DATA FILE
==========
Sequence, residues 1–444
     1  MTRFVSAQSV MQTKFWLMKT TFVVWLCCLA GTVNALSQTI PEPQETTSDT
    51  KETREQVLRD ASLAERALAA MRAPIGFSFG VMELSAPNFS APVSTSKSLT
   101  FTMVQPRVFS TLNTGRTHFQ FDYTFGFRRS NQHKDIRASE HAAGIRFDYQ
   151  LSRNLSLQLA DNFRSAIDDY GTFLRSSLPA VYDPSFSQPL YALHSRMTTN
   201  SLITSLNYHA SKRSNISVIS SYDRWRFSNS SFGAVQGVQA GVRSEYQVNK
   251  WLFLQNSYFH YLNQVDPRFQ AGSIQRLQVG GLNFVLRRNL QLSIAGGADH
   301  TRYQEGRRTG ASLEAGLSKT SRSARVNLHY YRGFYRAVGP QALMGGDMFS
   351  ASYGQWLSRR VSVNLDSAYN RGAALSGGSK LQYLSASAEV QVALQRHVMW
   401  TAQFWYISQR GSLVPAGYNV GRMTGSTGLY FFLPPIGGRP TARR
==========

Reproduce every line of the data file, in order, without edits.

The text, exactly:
Sequence, residues 1–444
     1  MTRFVSAQSV MQTKFWLMKT TFVVWLCCLA GTVNALSQTI PEPQETTSDT
    51  KETREQVLRD ASLAERALAA MRAPIGFSFG VMELSAPNFS APVSTSKSLT
   101  FTMVQPRVFS TLNTGRTHFQ FDYTFGFRRS NQHKDIRASE HAAGIRFDYQ
   151  LSRNLSLQLA DNFRSAIDDY GTFLRSSLPA VYDPSFSQPL YALHSRMTTN
   201  SLITSLNYHA SKRSNISVIS SYDRWRFSNS SFGAVQGVQA GVRSEYQVNK
   251  WLFLQNSYFH YLNQVDPRFQ AGSIQRLQVG GLNFVLRRNL QLSIAGGADH
   301  TRYQEGRRTG ASLEAGLSKT SRSARVNLHY YRGFYRAVGP QALMGGDMFS
   351  ASYGQWLSRR VSVNLDSAYN RGAALSGGSK LQYLSASAEV QVALQRHVMW
   401  TAQFWYISQR GSLVPAGYNV GRMTGSTGLY FFLPPIGGRP TARR